Betty Furness began her career as a movie starlet and ended it as an influential expert in consumer issues and a reporter for The Today Show. The story of how she got there is an interesting one, to say the least, marked by Furness’ self-professed inability to say “no” to any job that crossed her path.
Born as Elizabeth Mary Furness in 1916, the lovely young woman started out as a teenage model before moving to Hollywood and signing a contract with RKO in 1932. The studio put her right to work. In her first film that year, Thirteen Women, she appeared opposite Irene Dunne, but her scenes were ultimately cut from the movie (strangely enough, the same thing happened the following year when she was cast with Dunne in No Other Woman). Her screen debut came with the release of Renegades of the West, a minor Western starring Tom Keene, in November 1932.
The following year was the most prolific of Furness’ movie career, as she appeared in more than a dozen films, including an uncredited role in Flying Down to Rio, the first movie to pair Fred Astaire and Ginger Rogers. Incidentally, Furness would go on to appear opposite Fred and Ginger again in 1936’s Swing Time, this time in a full-fledged supporting role as Astaire’s fiance, Margaret.
In 1935, Furness starred in her highest-profile film to date when she was once again cast opposite Dunne in Magnificent Obsession, playing Dunne’s stepdaughter. This time, her scenes remained intact in the final film. That same year, Furness also appeared with popular funny couple George Burns and Gracie Allen in Here Comes Cookie (1935), in which she played Allen’s flighty younger sister. But by the end of the decade, after performing in almost three dozen films, Furness found it difficult to score additional acting jobs, and her appearances tapered off. She made one movie in 1939, the B-picture North of Shanghai, before returning to New York to seek roles on the Broadway stage. And by the end of the 1940s, Furness moved on to the next phase of her career when she embraced the fledgling medium of television.
Starting off as the host of a show called Fashions, Coming and Becoming in 1945, Furness segued into guest appearances on series such as Studio One and ABC Showcase. However, it wasn’t long before the actress became a noted advertising spokesperson, and it was almost by accident. During filming one day in 1948, Furness volunteered to substitute for another actor in a Westinghouse spot, and the company, thrilled with her performance, signed her as their new “Westinghouse girl.” It was a role she would maintain for the next twelve years on radio and on television. In the meantime, Furness continued acting in a number of television series, starring in her own daytime talk show Meet Betty Furness, and, perhaps most infamously, a 1951 show with the hilariously cumbersome title Your Kaiser Dealer Presents Kaiser-Frazer “Adventures in Mystery” Starring Betty Furness in “Byline.” She also made numerous appearances on the popular game shows What’s My Line? and I’ve Got a Secret.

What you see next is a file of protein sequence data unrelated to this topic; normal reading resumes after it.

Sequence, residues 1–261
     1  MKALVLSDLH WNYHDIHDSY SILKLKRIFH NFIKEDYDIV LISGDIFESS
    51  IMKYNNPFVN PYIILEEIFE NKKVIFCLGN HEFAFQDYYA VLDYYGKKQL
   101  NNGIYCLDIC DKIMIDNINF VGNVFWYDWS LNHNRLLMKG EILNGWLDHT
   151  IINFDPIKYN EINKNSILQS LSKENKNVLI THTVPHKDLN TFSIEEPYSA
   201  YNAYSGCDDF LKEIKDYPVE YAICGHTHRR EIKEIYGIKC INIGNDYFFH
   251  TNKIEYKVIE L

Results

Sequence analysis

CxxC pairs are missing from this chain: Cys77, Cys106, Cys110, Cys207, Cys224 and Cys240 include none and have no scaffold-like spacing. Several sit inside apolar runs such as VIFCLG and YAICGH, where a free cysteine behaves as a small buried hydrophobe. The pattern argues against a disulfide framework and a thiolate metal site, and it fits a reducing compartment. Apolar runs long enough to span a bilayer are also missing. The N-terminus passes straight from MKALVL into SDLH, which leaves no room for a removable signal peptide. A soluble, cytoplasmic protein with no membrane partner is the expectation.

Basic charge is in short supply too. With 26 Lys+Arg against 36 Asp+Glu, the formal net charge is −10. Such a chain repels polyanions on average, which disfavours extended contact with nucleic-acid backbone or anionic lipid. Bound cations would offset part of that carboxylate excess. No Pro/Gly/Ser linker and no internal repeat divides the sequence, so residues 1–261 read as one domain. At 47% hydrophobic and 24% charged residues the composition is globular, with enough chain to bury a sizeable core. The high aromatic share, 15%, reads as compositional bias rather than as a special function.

After parting ways with Westinghouse, Furness, a vocal Democrat, was recruited by President Lyndon B. Johnson to be the Special Assistant for Consumer Affairs in 1967. The post was not a mere title gift-wrapped for a celebrity; Furness had multiple responsibilities in her role, also serving as the chairman of the President’s Committee on Consumer Interests and head of the Consumer Advisory Council. At first, Furness’ appointment was met with skepticism, as her identity as the Westinghouse spokeswoman was so ingrained in the public consciousness. But the actress adapted easily to the role of politician and quickly became an expert in her new field, proving the naysayers wrong. Furness later served as the director of Consumer Affairs for New York City and was named the first chairman of the state’s Consumer Protection Board in 1970.
The following year, Furness left politics to return to television, this time as a reporter focusing on the topic of consumer affairs for WNBC in New York–a job that eventually led to her hiring by NBC’s national morning talk show, The Today Show, in 1976. According to the Paley Center for Media, Furness thus became the first full-time consumer advocate on television–a role she relished thoroughly. She also hosted a local television show in New York called Buyline: Betty Furness; that show won a Peabody Award for excellence in television in 1977. Furness remained a correspondent for Today for sixteen years, building a reputation as a fierce consumer advocate in the process, until she was let go in 1992. Her firing from Today was considered an example of ageism and raised ire among Furness’ fans as well as media watchdogs.
Furness was married four times–her first husband, whom she divorced in 1943, was five-time Academy Award-winning composer and songwriter Johnny Green, with whom she had her only child, a daughter named Babbie Green (who followed in her father’s footsteps as a singer/songwriter). Furness’ granddaughter, Liza Snyder, later became a television star in her own right, headlining the 2000-2006 CBS comedy series Yes, Dear.
Furness passed away in 1994 after a bout with stomach cancer. She was seventy-eight years old.